Today’s Deep Space Extra

January 15th, 2019

In Today’s Deep Space Extra… Partial U.S. government shutdown threatens to slow NASA Space Launch System (SLS) development. NASA’s Jim Bridenstine and Russia’s Dmitry Rogozin speak by phone after an invitation for the Russian space agency head is rescinded. China says cotton seed has sprouted on the Moon’s far side.

Human Space Exploration

Shutdown puts crimp in Space Launch System (SLS) testing

Coalition Member in the News – Boeing

Politico (1/14): The partial U.S. government shutdown, which began December 22 forcing some workers to be furloughed and others to continue working without pay, is beginning to have an impact on efforts to develop the Space Launch System (SLS), the large rocket that is to start a new generation of human explorers on missions of deep space exploration. “If we got into a big delay due to the furlough, it could really delay the American return to the Moon,” according to Boeing’s John Shannon, who oversees the effort. NASA has set a goal of reaching the Moon’s surface with astronauts by 2028.

Bridenstine and Rogozin speak by phone after cancelled visit (1/15): NASA Administrator Jim Bridenstine and Dmitry Rogozin, the head of Russia’s space agency, spoke by phone on Monday. The phone chat followed Bridenstine’s recent cancellation of an invitation extended by him to Rogozin to travel to the U.S. in February for a face to face talk on space cooperation. The invitation was rescinded at the urging of some members of Congress. Rogozin, then Russia’s deputy prime minister, was sanctioned several years ago because of his role in the Russian annexation of Crimea. Though confirming the call, a NASA spokesperson would not discuss the topics the two leaders discussed because of the ongoing U.S. government shutdown that includes NASA’s civil service workforce.


Space Science

China says it exchanged data with NASA on far side landing

Associated Press via Washington Post (1/14): NASA and China’s space agency exchanged information on the January 3 landing of the Chang’e 4 lander rover, the first spacecraft to touchdown on the Moon’s far side. In 2011, U.S. Congressional appropriators banned bilateral cooperation. However, China shared landing coordinates so NASA could obtain photos of the landing site.

China focus: Moon sees first cotton-seed sprout

Xinhuanet of China (1/15): China’s Chang’e 4 far side Moon lander mission has succeeded in growing cotton from seeds contained in a small experimental biosphere aboard the spacecraft. Other plants and the eggs of fruit flies were included in the experiment, which is intended to investigate how the living organisms might contribute to future human lunar life support systems. Potato seeds are aboard as well.

Repairing, and building, future space telescopes

The Space Review (1/14): Recent difficulties with science instrumentation and guidance devices on the aging Hubble space telescope are placing a spotlight on the significance of being able to service space based observatories. Hubble was launched in 1990 and underwent the last of five NASA shuttle astronaut servicing missions in 2009, two years before the shuttle fleet was retired. Hubble’s successor, the James Webb Space Telescope (JWST), is to reside well beyond the Earth orbiting HST, too far with current technologies to be serviced by astronauts. Despite the added costs, it may make sense to develop future space observatories with a servicing capability in order to justify the overall expense and science objectives, writes TSR editor Jeff Foust.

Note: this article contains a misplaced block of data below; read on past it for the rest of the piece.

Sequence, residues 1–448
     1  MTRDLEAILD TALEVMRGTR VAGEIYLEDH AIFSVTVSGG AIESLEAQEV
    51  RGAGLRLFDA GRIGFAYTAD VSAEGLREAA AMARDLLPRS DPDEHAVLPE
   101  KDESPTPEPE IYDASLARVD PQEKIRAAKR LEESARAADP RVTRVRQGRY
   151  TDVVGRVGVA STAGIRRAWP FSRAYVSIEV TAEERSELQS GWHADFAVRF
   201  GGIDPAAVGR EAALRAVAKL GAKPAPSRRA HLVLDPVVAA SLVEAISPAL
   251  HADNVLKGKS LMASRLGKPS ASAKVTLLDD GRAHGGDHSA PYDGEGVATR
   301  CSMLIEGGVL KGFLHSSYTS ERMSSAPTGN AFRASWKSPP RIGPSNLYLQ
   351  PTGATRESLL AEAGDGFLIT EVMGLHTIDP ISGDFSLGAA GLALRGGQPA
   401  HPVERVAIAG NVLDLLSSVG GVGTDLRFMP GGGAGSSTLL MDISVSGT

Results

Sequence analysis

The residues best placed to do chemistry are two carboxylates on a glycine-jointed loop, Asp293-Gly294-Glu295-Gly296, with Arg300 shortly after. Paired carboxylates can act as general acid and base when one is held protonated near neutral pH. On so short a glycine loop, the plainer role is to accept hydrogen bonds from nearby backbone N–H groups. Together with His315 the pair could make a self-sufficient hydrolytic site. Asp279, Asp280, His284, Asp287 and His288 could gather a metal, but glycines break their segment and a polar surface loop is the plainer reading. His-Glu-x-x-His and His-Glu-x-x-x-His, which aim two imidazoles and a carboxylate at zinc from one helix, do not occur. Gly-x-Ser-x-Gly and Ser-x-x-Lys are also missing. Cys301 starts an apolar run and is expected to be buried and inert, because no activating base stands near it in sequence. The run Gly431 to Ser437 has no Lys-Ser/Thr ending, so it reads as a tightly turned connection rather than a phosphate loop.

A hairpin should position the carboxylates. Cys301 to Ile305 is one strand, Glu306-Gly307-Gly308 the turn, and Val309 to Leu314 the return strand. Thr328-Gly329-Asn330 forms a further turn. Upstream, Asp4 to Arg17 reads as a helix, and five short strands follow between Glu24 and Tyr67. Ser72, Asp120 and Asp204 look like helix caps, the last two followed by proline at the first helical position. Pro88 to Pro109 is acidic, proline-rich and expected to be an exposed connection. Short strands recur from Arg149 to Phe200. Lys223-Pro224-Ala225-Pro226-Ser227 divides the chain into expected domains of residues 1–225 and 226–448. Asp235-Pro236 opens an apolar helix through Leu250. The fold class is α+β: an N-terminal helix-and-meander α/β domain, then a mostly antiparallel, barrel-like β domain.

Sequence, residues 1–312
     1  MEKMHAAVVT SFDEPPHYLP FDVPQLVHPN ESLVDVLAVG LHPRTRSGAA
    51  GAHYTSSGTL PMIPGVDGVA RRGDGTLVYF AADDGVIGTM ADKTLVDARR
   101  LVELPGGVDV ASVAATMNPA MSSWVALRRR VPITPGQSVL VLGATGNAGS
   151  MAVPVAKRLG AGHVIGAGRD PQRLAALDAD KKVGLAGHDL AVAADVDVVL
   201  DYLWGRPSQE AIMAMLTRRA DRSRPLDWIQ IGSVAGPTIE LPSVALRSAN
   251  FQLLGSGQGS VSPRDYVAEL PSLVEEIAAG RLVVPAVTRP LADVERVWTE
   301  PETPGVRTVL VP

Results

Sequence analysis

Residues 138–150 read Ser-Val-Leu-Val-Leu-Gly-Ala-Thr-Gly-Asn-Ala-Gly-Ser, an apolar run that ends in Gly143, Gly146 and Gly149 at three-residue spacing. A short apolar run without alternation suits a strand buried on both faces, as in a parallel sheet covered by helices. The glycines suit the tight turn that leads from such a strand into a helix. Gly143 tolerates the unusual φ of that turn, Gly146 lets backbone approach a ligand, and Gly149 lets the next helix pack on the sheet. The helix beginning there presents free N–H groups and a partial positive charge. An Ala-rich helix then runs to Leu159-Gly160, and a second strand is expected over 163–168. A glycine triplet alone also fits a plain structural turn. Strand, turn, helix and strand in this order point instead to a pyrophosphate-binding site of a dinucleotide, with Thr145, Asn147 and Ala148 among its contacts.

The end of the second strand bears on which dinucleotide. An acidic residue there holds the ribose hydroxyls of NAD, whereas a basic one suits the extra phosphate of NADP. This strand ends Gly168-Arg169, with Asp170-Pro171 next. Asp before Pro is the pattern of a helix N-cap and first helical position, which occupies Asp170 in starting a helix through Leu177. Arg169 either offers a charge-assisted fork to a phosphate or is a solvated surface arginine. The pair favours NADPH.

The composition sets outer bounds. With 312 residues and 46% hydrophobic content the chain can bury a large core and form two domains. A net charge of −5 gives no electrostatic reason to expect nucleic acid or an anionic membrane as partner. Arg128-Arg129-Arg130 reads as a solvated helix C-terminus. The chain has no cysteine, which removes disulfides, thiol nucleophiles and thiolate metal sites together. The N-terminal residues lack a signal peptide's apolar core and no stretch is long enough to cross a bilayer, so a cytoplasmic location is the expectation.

Hubble space telescope will last through the mid-2020s, report says (1/14): Though experiencing recent problems with its Advanced Camera for Surveys, the Hubble space telescope should continue to function into the mid-2020s, according to an assessment presented before the American Astronomical Society (AAS) in Seattle, Washington last week. Launched in April 1990, Hubble is to be succeeded by the James Webb Space Telescope (JWST). The agency is confident it will soon restore with Advanced Camera for Surveys.


Other News 

Why the Chang’e-4 Moon landing is unique

The Space Review (1/14): China’s first ever successful landing of a lander/rover on the Moon’s far side earlier this month could have long term benefits for Beijing’s plans to establish a human lunar research base, one intended to take advantages of lunar resources, such as water ice. With success, the strategy could bring down the cost of interplanetary travel.

Op-Ed | In 2019 let’s address the ‘real problems’ in national security space (1/13): In an op-ed, Mike Rogers, a former Michigan congressman, urges more definition of national security issues before lawmakers proceed with an initiative to establish a sixth branch of the U.S. military, the Space Force. “The rush to a military space service will be distracting to other urgent changes we must make in the way America defends herself in space,” he writes.

Tethers Unlimited space venture lays off 20 percent of staff due to NASA shutdown (1/13): The partial U.S. government shutdown has confronted Tethers Unlimited, Inc., of Bothell, Washington, with a cash crunch that forced the company to lay off a dozen engineers, or 20 percent of the 25-year-old company’s workforce. Tethers Unlimited is involved in the development of new spacecraft thruster systems and space based fabrication systems.

Iran launches satellite despite Pompeo’s warning, but it fails to reach orbit

Sputnik International, of Russia (1/15): Iran proceeded with the launch of a domestic rocket over the objections of U.S. Secretary of State Mike Pompeo and others, who cited a U.N. Security Council resolution and Iran’s efforts to establish a nuclear program. Though Iran proceeded, the rocket failed to reach orbit.

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